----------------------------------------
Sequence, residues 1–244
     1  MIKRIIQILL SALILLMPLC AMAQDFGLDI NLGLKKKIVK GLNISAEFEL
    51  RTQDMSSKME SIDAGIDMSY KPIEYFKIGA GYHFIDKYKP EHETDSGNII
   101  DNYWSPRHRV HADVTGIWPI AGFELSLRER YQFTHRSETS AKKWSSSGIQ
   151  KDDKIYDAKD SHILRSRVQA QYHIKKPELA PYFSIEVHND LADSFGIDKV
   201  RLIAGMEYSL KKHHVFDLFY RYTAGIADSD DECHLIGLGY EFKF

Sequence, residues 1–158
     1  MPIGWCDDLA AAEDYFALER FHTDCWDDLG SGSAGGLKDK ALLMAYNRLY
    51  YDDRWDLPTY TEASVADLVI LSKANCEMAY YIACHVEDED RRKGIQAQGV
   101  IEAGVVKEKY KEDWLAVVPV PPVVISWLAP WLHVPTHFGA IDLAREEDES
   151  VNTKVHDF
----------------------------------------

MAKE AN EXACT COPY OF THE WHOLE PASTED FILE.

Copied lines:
Sequence, residues 1–244
     1  MIKRIIQILL SALILLMPLC AMAQDFGLDI NLGLKKKIVK GLNISAEFEL
    51  RTQDMSSKME SIDAGIDMSY KPIEYFKIGA GYHFIDKYKP EHETDSGNII
   101  DNYWSPRHRV HADVTGIWPI AGFELSLRER YQFTHRSETS AKKWSSSGIQ
   151  KDDKIYDAKD SHILRSRVQA QYHIKKPELA PYFSIEVHND LADSFGIDKV
   201  RLIAGMEYSL KKHHVFDLFY RYTAGIADSD DECHLIGLGY EFKF

Sequence, residues 1–158
     1  MPIGWCDDLA AAEDYFALER FHTDCWDDLG SGSAGGLKDK ALLMAYNRLY
    51  YDDRWDLPTY TEASVADLVI LSKANCEMAY YIACHVEDED RRKGIQAQGV
   101  IEAGVVKEKY KEDWLAVVPV PPVVISWLAP WLHVPTHFGA IDLAREEDES
   151  VNTKVHDF